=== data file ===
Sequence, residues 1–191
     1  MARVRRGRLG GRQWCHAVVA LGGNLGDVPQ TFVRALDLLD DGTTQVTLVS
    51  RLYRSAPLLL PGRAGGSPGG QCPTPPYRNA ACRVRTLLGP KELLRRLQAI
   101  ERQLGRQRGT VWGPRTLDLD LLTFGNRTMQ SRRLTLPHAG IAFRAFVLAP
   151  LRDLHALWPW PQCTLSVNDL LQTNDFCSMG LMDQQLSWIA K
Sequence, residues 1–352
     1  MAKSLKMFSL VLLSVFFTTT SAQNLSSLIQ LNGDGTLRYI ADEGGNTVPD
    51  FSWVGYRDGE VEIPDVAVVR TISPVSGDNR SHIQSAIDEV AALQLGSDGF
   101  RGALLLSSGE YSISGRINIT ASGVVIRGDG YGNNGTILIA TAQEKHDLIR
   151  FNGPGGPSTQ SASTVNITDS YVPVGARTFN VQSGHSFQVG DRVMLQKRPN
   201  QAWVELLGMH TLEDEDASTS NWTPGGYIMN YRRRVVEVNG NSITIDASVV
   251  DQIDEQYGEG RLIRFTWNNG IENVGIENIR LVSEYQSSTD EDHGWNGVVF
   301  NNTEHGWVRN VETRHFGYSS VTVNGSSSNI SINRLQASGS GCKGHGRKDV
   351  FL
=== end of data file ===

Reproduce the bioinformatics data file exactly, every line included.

Sequence, residues 1–191
     1  MARVRRGRLG GRQWCHAVVA LGGNLGDVPQ TFVRALDLLD DGTTQVTLVS
    51  RLYRSAPLLL PGRAGGSPGG QCPTPPYRNA ACRVRTLLGP KELLRRLQAI
   101  ERQLGRQRGT VWGPRTLDLD LLTFGNRTMQ SRRLTLPHAG IAFRAFVLAP
   151  LRDLHALWPW PQCTLSVNDL LQTNDFCSMG LMDQQLSWIA K
Sequence, residues 1–352
     1  MAKSLKMFSL VLLSVFFTTT SAQNLSSLIQ LNGDGTLRYI ADEGGNTVPD
    51  FSWVGYRDGE VEIPDVAVVR TISPVSGDNR SHIQSAIDEV AALQLGSDGF
   101  RGALLLSSGE YSISGRINIT ASGVVIRGDG YGNNGTILIA TAQEKHDLIR
   151  FNGPGGPSTQ SASTVNITDS YVPVGARTFN VQSGHSFQVG DRVMLQKRPN
   201  QAWVELLGMH TLEDEDASTS NWTPGGYIMN YRRRVVEVNG NSITIDASVV
   251  DQIDEQYGEG RLIRFTWNNG IENVGIENIR LVSEYQSSTD EDHGWNGVVF
   301  NNTEHGWVRN VETRHFGYSS VTVNGSSSNI SINRLQASGS GCKGHGRKDV
   351  FL